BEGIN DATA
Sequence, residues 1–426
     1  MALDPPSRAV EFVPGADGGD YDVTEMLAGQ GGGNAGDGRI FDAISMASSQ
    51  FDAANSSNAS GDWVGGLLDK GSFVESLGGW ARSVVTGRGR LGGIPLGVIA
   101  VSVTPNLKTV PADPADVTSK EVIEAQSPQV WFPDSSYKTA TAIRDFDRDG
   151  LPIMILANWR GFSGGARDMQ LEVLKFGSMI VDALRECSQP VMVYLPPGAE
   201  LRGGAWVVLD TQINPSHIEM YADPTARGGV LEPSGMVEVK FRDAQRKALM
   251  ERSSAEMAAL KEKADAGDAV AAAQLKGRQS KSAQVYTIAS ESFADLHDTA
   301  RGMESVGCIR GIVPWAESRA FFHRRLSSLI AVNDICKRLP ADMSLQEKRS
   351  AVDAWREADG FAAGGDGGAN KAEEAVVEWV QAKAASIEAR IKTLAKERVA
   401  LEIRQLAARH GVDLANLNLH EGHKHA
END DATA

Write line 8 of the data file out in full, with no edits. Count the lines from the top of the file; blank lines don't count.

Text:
   301  RGMESVGCIR GIVPWAESRA FFHRRLSSLI AVNDICKRLP ADMSLQEKRS